[Courtesy ACT Policing]

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Aeek 2:47 pm 02 Oct 12

EvanJames said :

I was out and about quite a bit over the long weekend. I did not see one ACT Policing vehicle. I did see a lot of NSW plod though.

Guess they spent the ACT budget on publicity again.

Pitchka 2:43 pm 02 Oct 12

EvanJames said :

I was out and about quite a bit over the long weekend. I did not see one ACT Policing vehicle. I did see a lot of NSW plod though.

I saw quite a few, perhaps you were too bust texting?

p1 2:40 pm 02 Oct 12

HenryBG said :

The reduction in road deaths is definitely not related to improved driver training, though, of that we can be sure.

I tend to think that licencing/eduction/learning/testing requirements now are much better then they were 15 years ago.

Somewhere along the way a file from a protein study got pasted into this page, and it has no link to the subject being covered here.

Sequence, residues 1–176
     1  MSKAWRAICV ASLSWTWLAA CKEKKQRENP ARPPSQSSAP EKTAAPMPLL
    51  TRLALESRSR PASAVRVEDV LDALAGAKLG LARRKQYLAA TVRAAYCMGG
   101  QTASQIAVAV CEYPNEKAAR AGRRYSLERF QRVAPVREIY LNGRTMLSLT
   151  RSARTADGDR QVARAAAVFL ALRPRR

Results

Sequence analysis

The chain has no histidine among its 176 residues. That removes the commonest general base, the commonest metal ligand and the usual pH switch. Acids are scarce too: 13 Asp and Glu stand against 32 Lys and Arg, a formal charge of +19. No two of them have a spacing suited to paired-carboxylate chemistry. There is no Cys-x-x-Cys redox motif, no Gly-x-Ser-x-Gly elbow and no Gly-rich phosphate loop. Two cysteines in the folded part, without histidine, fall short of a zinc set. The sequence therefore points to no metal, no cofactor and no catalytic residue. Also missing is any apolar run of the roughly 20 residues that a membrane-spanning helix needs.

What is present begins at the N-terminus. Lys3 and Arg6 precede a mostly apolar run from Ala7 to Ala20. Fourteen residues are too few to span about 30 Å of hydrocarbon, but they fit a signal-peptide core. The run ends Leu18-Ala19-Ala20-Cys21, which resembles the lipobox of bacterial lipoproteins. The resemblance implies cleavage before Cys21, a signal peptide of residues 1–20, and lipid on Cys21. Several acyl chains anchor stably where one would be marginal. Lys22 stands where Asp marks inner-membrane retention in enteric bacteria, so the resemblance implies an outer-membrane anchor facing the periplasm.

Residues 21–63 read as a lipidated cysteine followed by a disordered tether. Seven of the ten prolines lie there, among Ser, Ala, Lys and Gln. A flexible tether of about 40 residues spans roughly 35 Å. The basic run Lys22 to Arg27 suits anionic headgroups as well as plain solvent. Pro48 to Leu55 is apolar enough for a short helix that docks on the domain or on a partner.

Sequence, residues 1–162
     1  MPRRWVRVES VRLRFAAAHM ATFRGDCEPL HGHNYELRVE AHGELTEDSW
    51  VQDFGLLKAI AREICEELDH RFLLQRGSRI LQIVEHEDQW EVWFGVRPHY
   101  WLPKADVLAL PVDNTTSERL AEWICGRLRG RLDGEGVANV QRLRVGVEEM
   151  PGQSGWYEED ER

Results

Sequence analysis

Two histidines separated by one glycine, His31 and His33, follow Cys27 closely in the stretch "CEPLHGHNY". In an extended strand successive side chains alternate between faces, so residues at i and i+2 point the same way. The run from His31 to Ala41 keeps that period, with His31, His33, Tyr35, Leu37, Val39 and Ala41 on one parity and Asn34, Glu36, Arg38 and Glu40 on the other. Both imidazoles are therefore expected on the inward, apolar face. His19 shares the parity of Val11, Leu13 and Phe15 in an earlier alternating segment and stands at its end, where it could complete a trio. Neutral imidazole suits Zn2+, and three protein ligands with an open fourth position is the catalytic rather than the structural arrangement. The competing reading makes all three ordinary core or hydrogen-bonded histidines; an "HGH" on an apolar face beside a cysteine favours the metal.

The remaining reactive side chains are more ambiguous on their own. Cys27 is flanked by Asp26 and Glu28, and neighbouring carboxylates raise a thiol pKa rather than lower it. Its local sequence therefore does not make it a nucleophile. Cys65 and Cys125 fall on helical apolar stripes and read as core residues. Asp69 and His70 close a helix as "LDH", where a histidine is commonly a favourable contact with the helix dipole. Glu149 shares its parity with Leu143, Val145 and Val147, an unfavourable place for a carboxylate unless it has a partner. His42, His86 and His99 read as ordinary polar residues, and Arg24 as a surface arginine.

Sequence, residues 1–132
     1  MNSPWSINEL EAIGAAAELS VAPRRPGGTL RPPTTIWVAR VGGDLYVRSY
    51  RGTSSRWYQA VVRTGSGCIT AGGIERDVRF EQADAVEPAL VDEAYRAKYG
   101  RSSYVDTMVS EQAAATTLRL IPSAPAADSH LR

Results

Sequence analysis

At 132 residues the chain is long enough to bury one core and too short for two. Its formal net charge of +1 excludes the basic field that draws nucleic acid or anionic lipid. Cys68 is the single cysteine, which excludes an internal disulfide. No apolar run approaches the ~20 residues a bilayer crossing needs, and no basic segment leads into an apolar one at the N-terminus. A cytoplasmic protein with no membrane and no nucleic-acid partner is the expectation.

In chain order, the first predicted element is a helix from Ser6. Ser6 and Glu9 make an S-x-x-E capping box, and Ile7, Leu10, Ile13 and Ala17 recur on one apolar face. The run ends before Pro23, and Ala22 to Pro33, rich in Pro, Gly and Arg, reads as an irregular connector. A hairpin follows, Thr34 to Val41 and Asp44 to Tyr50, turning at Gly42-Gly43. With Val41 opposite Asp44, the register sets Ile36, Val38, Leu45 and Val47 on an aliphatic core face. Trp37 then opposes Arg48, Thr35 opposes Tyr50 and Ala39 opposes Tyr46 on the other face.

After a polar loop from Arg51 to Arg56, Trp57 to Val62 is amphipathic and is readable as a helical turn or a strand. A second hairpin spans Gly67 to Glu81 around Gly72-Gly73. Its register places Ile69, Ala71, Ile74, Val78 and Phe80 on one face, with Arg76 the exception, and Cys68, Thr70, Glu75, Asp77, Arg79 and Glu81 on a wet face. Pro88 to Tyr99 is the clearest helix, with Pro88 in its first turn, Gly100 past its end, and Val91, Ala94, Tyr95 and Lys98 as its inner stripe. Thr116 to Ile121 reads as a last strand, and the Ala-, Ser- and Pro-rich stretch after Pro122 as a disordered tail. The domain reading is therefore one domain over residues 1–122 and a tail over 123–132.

Any one who got their licence before that should have to redo the entire process – log book, courses, red and green “P”s, the works. I agree with the “most people would fail in 10 minutes” part though.

EvanJames 2:01 pm 02 Oct 12

I was out and about quite a bit over the long weekend. I did not see one ACT Policing vehicle. I did see a lot of NSW plod though.

HenryBG 1:12 pm 02 Oct 12

kakosi said :

“road trauma levels have declined substantially over the last four decades, despite considerable population growth and a threefold increase in registered motor vehicles. During this period, the number of road deaths per year has fallen from 3,798 deaths in 1970 to 1,288 in 2011.” http://www.infrastructure.gov.au/roads/safety/

The reduction in road deaths is definitely not related to improved driver training, though, of that we can be sure.

Licences should be issued only to those that have undergone a good number of hours in a testing simulator. Most people on the roads today would fail within 10 minutes.

Ultimately, whether it’s road conditions, weather or the vehicle, every accident is caused by a driver lacking the skills required to control their vehicle properly.

kakosi 11:19 pm 28 Sep 12

Antagonist said :